Meridian Star

December 28, 2012

Holloman harvests monster buck

By Mike Giles
The Meridian Star

MERIDIAN — An unexpected phone call from Quitman taxidermist, Jay Belcher, yielded one of the most significant deer hunting stories that I’ve ever been privy to. Belcher related the unusual circumstances of the story and put me in touch with the successful young hunter.

    If not for a tragic fall by his dad, Jerry, Holloman might never have seen this buck let alone harvested it.

    Our story begins the day before the buck kill.

    Joseph Holloman and his father, Jerry Holloman, were hunting together near Yazoo City when events took a turn for the worse. “I set up a stick ladder stand in a good location before we started our hunt,” said Joseph Holloman. “And that morning dad went to the stand.”

    Jerry Holloman neared the top of his elevated stand and took one last step up when something went terribly wrong and his foot slipped and the unthinkable happened. Holloman slipped off the stick ladder and plummeted to the ground, slamming the earth so hard that it broke bones and sent him into excruciating pain. Thankfully a cell phone helped with the recovery.

    Unable to get in touch with his son, Holloman called Chuck Perry, the lodge owner at Perry Farms where they were staying, and told him his predicament and Perry quickly made the call and help was on the way.

    After getting a voice mail message Holloman went to his dad as quickly as he could and found him in stable but poor condition. Jerry Holloman had fallen at six a. m. and it was now seven a. m. and things weren’t looking good.

    As soon as they got Mr. Holloman out of the woods he was rushed to a Jackson hospital and admitted for treatment.

    “I just didn’t have it in me to hunt anymore on this draw hunt after what happened to Dad,” said Joseph. “I told Dad that I didn’t feel like hunting anymore and he wasn’t too pleased,” said Holloman. Jerry had other ideas.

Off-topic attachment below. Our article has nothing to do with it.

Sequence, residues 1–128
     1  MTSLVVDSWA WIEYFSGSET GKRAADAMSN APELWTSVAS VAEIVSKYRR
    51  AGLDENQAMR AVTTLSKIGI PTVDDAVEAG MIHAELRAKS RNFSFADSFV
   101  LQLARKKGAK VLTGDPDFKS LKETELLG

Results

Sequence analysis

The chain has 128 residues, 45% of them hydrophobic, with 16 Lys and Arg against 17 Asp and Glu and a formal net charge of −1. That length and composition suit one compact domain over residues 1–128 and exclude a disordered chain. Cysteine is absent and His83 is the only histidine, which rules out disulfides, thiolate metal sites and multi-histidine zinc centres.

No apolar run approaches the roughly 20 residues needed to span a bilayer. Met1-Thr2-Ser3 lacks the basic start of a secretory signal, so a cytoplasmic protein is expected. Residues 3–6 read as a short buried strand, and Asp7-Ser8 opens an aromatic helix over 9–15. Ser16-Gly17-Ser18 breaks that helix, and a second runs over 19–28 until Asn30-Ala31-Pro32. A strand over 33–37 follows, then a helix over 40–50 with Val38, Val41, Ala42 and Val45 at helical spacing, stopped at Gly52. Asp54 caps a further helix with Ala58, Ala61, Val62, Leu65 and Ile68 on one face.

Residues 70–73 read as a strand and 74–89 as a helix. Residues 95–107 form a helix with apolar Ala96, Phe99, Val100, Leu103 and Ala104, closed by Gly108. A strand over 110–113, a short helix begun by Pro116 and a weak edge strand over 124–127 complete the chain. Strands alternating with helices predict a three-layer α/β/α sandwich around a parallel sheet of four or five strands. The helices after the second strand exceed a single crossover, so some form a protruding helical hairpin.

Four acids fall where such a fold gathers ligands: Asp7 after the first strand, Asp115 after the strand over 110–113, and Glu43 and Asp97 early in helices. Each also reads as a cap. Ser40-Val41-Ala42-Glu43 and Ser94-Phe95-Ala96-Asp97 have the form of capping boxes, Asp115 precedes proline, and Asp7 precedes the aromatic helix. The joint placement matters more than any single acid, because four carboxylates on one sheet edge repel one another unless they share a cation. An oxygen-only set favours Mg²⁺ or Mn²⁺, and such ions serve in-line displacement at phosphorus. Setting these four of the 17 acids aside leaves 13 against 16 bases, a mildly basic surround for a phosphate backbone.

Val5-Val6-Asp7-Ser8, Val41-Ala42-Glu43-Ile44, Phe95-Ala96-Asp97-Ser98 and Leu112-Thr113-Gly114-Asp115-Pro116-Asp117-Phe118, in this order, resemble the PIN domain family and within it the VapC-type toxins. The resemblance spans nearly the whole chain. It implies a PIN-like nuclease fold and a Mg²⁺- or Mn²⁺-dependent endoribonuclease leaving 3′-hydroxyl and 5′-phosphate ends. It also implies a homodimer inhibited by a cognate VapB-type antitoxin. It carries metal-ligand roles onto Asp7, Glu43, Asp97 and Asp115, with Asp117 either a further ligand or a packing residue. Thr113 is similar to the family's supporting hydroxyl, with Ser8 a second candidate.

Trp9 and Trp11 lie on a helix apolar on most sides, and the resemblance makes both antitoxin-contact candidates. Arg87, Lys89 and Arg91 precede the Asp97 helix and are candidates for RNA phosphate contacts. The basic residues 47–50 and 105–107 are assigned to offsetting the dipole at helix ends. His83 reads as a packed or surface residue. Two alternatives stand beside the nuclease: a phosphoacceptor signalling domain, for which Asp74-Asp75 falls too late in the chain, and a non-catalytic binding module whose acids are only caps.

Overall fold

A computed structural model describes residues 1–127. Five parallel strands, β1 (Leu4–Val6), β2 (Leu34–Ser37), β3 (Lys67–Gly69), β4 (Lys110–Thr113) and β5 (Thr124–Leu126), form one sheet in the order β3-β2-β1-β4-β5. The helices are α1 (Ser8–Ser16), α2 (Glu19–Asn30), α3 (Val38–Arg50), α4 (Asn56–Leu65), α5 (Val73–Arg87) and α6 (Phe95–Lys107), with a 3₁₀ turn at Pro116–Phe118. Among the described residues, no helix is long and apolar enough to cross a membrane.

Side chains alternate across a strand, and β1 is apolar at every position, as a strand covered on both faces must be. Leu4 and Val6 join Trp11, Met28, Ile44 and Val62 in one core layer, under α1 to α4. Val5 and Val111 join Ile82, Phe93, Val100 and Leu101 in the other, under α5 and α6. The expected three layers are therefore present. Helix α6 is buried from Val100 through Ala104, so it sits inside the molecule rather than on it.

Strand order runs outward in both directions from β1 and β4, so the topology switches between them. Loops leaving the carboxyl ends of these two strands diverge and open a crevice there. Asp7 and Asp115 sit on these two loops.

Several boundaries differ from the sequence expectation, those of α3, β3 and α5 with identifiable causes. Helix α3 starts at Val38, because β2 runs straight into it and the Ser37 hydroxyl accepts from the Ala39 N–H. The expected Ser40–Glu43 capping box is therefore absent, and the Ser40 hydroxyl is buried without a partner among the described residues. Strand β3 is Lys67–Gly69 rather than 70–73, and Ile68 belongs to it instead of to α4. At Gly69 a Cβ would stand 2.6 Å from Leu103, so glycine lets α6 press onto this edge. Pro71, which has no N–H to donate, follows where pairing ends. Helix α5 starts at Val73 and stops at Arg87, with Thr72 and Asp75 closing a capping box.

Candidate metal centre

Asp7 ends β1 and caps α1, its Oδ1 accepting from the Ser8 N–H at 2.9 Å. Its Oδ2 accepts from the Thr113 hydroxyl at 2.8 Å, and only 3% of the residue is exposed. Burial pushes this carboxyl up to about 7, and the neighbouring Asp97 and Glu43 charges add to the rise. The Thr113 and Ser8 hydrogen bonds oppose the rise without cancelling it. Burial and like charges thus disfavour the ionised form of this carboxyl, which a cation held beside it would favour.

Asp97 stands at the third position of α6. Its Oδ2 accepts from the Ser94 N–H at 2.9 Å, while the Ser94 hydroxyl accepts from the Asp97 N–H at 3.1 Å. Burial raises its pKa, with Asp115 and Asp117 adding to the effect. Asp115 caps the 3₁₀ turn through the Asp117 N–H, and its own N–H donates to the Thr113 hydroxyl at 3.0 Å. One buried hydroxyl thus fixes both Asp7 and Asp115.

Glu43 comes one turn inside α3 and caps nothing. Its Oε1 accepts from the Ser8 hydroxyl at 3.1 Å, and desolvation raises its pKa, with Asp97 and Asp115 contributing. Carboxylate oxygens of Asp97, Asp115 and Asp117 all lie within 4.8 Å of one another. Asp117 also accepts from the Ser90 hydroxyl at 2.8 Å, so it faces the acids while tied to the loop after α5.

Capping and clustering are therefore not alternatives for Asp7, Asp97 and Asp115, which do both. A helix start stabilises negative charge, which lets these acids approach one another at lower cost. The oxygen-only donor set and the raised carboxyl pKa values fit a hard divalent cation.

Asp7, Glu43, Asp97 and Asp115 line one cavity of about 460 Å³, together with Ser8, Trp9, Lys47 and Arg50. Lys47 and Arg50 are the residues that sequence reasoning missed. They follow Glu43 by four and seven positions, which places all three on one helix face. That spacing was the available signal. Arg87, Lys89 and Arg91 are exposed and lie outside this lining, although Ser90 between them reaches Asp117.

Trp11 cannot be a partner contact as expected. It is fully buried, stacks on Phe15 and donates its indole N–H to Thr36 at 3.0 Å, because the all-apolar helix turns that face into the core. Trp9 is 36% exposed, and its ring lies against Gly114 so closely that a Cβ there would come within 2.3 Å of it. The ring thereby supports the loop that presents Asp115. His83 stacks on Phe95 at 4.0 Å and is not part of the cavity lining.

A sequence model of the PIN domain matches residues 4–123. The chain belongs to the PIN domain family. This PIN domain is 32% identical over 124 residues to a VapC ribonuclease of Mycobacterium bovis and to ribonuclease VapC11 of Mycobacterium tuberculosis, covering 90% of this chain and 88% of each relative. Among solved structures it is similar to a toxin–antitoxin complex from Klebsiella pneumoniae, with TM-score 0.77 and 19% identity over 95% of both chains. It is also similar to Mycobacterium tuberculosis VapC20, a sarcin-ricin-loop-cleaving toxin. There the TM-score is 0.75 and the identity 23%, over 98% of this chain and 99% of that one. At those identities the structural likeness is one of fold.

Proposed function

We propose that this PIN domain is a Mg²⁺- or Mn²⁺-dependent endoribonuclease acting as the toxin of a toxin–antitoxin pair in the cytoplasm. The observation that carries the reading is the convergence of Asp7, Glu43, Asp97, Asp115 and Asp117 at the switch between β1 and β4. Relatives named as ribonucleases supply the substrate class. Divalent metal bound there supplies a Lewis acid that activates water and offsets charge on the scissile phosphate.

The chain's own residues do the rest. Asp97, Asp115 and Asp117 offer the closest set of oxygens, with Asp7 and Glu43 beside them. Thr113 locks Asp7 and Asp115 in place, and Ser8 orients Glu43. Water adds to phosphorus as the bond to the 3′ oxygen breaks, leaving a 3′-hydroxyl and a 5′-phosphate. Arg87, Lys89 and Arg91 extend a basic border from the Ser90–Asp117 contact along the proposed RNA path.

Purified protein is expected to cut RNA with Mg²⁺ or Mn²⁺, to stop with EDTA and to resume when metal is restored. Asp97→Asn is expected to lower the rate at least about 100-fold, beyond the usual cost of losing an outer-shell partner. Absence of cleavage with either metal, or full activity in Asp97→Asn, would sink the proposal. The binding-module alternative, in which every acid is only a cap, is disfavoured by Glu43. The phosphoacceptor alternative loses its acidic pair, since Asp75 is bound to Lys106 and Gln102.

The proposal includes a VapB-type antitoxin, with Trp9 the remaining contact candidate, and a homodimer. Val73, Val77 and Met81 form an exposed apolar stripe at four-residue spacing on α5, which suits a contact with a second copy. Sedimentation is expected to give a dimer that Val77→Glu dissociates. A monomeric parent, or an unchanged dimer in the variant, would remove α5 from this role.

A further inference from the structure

“Son there isn’t a thing in the world you can do for me,” said Jerry. “Go back down there and kill a deer for me.” Joseph just didn’t have it in his heart to hunt anymore so he planned to meet the other hunters and pack up and go home, right after getting his dad’s stand from the woods. Arriving back at the lodge Holloman told the other hunters of his plans.

    “I’m going to go back to Dad’s stand and hunt until eight and then bring his stand out and go home,” said Holloman. The next morning Holloman was in the stand before light and ready to get the hunt over with.

    The next morning things heated up very quickly.

    “At seven I caught movement in front of me in the thick cover,” Holloman said. “I could see something on his head but I couldn’t see his dark colored horns. When he hit an opening I grunted and he stopped behind something and I couldn’t shoot,” Holloman continued. “The buck took off and I grunted again when he came to another opening and he hit the second opening I shot and smoke went everywhere and the deer disappeared.”

    “I heard a crash off to my right, and since I couldn’t find any blood I walked in that direction and found him lying there. I went out there thinking I’d shot a 130 class deer and I walked up on a 180,” said the astonished hunter. “It happened so fast and I saw he was a shooter and I never looked at the horns again.”

    The massive buck sported 10 points and had a 20 and three quarter inch inside spread, 25.5 inch main beams and gross scored 180 Boone and Crockett. “I’m still in shock; it’s the biggest deer I’ve ever killed, especially on public land,” said Holloman. “Daddy’s tickled to death and just wanted to hold them,” he said. “I’ve got four on the wall but none even approaching the massive size of this one.”

    While the events that led to the harvest of this trophy buck were very unfortunate and traumatic, the end result was a triumphant ending to a near tragic circumstance. Though it will be a slow healing process for Jerry Holloman, the story ended on a positive note with the harvest of the buck of a lifetime for his son!


    Contact  Mike Giles at 601-917-3898 or e-mail him at